I work in the Contingent OPS Cell at Northwood and have been asked by Cdr Hussain to look at the support and routing (given my past experience as a navigator as well as a forecaster) for your rowing expedition. I have come up with what I believe to be a workable plan but there are some issues that will need to be addressed in due course, mainly taking into account your route with respect to weather conditions. The breakdown is as follows:
Part 1 - San Francisco to Honolulu
Distance 2080nm following the great circle route. Leaving in July will mean that you are mainly under the influence of the persisting East Pacific high pressure. Initially you will be affected by cross winds (from the north) as you head southwest from the coast but picking up north easterly wind about a quarter of the way into the route. Once you clear the California Current that runs southwards down the coast of California, the current will also become favourable. July of course is the middle of the Typhoon season in the East Pacific with the systems being spawned off the coast of Mexico and taking a generally west or northwest track which will affect your route. Your actual departure date would need to be dependent on the formation and track of these systems.
Part 2 - Honolulu to South Pacific
The end point I've looked at for this is the Tuvalu Islands (approx 6 South, 175 East). The main island here is Funafuti which also has an airport which will help logistically. The distance here is approx 2200nm. Leaving in March would be beneficial for this stage to take into account the north and south equatorial currents which both run westwards and as you proceed southwest you should meet the counter current (east setting) at its weakest. The north equatorial current and winds would be astern of you down to the equator and then on your port quarter (so still assisting) as you run down to the Islands.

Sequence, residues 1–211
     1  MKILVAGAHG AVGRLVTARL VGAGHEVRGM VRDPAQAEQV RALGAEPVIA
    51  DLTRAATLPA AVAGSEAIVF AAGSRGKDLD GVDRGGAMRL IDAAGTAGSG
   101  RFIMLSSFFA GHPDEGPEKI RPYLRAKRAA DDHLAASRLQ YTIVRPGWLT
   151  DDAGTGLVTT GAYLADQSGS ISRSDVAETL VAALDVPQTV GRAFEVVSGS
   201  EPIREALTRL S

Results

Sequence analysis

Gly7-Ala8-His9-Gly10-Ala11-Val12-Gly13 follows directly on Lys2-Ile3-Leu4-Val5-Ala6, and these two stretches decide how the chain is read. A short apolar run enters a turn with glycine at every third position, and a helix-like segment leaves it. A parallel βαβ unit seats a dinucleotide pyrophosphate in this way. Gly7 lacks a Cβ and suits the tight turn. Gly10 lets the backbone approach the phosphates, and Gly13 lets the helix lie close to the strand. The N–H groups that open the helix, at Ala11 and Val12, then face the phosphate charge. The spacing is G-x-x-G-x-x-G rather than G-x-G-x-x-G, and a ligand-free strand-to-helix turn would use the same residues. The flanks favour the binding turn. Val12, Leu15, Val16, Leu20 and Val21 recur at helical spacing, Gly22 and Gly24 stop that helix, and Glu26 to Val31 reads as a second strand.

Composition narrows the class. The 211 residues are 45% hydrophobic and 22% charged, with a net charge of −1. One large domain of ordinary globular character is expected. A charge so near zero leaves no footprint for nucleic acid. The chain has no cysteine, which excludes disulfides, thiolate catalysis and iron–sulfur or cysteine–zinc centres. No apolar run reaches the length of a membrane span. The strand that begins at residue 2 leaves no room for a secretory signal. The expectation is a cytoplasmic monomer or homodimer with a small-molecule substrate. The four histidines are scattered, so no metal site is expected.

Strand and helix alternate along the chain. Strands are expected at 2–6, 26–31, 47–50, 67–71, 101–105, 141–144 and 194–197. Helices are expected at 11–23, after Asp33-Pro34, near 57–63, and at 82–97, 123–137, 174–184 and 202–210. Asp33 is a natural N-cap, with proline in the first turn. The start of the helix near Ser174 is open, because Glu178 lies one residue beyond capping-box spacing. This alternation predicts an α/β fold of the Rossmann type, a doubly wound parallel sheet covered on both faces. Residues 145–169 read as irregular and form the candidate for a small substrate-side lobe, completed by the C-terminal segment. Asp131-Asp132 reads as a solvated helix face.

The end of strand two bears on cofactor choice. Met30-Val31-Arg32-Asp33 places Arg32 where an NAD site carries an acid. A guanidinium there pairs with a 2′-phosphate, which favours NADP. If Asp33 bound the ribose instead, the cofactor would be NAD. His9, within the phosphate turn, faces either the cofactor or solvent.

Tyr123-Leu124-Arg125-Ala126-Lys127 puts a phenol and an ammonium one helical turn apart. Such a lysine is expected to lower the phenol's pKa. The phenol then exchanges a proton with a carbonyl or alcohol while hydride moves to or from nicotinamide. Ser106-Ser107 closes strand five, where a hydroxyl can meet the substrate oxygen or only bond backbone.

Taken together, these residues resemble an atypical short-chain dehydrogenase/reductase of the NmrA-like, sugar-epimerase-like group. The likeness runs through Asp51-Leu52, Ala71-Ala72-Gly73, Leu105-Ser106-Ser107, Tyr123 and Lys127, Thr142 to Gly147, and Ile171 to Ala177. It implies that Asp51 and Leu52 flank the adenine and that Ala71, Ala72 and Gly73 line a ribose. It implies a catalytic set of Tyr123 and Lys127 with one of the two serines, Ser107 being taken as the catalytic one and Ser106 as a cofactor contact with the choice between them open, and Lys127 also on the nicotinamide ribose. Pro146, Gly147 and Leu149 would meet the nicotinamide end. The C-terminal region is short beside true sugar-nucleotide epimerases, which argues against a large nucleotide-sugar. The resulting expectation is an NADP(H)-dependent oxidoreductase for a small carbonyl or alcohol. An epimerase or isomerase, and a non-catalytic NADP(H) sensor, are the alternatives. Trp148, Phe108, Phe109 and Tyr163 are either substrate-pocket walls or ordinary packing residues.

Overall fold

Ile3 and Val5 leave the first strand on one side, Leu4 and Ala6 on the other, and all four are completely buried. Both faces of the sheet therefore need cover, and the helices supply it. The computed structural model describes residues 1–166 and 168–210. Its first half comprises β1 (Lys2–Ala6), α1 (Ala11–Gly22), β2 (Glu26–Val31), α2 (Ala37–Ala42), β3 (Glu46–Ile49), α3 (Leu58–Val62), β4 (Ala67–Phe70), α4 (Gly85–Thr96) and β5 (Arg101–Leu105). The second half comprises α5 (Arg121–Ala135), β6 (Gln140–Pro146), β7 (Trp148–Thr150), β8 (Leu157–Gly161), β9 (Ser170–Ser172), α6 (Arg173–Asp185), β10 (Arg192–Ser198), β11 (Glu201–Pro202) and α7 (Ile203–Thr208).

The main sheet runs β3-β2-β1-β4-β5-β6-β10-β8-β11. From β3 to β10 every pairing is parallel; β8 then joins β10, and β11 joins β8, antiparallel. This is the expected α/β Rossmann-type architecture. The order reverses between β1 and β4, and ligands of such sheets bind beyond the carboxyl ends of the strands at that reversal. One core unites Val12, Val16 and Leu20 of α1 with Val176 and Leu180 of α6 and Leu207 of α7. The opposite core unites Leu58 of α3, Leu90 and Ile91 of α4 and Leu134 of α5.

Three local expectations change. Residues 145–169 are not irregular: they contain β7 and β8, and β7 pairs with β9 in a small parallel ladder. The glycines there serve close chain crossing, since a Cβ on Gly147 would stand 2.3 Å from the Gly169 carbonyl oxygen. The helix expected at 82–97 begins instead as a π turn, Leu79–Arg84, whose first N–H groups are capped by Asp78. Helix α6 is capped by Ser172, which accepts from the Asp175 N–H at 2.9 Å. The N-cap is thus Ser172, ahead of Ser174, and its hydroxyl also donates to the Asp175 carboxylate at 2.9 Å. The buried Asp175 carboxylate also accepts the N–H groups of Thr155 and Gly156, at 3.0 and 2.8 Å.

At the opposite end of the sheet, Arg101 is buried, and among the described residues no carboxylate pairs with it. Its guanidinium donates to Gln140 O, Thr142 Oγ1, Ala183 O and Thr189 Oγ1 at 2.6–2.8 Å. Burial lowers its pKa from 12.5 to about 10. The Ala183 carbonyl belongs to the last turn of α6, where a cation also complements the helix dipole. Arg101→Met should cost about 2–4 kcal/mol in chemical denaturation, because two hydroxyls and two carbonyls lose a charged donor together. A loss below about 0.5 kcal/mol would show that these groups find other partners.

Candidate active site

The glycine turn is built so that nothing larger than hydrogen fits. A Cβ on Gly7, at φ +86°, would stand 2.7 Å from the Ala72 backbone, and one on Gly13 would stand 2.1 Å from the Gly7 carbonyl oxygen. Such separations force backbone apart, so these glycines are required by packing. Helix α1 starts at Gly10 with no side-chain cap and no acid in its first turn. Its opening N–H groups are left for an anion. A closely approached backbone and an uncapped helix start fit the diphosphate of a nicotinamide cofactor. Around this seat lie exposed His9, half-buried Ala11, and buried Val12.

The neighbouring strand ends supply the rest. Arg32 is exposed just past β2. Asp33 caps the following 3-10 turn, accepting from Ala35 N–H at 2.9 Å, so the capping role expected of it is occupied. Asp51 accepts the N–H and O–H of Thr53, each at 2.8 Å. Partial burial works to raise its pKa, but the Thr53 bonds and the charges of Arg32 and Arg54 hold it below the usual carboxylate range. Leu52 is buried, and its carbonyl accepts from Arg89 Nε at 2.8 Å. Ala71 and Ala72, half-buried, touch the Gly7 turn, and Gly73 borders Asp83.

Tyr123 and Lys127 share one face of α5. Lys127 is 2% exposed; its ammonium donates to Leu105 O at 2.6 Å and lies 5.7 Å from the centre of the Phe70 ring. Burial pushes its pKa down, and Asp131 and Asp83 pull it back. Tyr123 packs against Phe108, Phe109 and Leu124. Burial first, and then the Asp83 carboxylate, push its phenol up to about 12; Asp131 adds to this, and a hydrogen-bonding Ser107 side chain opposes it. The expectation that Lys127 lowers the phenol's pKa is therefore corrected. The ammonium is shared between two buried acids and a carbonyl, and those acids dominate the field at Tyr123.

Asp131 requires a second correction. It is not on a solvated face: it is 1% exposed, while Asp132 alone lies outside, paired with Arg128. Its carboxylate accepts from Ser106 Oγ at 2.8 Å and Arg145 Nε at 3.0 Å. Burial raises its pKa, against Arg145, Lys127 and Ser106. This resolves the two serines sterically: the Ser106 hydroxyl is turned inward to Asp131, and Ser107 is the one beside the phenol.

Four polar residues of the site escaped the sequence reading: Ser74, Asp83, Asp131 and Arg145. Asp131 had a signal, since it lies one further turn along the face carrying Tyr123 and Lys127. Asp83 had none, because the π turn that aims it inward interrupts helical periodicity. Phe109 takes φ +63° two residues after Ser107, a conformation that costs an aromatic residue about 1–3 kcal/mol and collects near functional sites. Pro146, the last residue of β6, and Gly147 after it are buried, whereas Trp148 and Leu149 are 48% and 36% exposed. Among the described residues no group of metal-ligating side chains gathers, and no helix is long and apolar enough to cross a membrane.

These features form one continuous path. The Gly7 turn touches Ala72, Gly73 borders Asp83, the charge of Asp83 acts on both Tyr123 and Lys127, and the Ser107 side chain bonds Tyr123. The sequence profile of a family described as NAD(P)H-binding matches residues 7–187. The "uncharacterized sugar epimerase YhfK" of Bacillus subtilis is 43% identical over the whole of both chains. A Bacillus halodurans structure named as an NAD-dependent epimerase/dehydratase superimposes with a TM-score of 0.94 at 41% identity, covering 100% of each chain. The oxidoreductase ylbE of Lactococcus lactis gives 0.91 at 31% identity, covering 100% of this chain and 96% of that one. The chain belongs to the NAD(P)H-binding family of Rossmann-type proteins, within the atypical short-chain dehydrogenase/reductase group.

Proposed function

Part 3 - South Pacific to Australia
Here there are more issues which may affect your ultimate destination. To head to Sydney is by far the longest route at 2400 - 2500nm. The main issue here is that the winds will become constantly on the port beam as you pass the Solomon Islands, becoming a head wind as you head down towards Sydney (virtually no change throughout the year). There are two further options, one of which would be to head for Brisbane (approx 2000nm) which would mean that you become affected by crosswinds as you pass the Solomon Islands, but would be spared the head winds if you headed to Sydney. The 3rd option which takes optimum advantage of weather conditions would be to head for Cairns on the North East Peninsular (approx 2100nm). This would mean that as you clear the Solomon Islands the wind would come more from the quarter than the beam so would be of some advantage.
The first two sections appear relatively straightforward, but further analysis will be needed to look at optimum timing but the dates given above look reasonable at this stage. The 3rd phase is obviously more complex and will require much deeper analysis coupled with your requirements for end point and when you wish to carry out the row.
If you have any questions please do not hesitate to get in touch.
Lt Cdr RN
FWOC Contingent Operations
That is very useful indeed - thank you for your time and effort in producing such a succinct and helpful analysis of the Pacific weather patterns along my intended route.
Re Part 1, I think I will set a provisional departure date of Sunday 8th July 2007, but will be prepared to be flexible if typhoons are developing. Will it really be best to attempt a great circle route, or would I be better off trying to slingshot the East Pacific High?
Re Part 2, good to know the likely optimal time to leave. This gives me a shorter-than-planned break between Part 1 and Part 2, but well worth it for the favourable conditions. Tuvalu sounds a sensible target.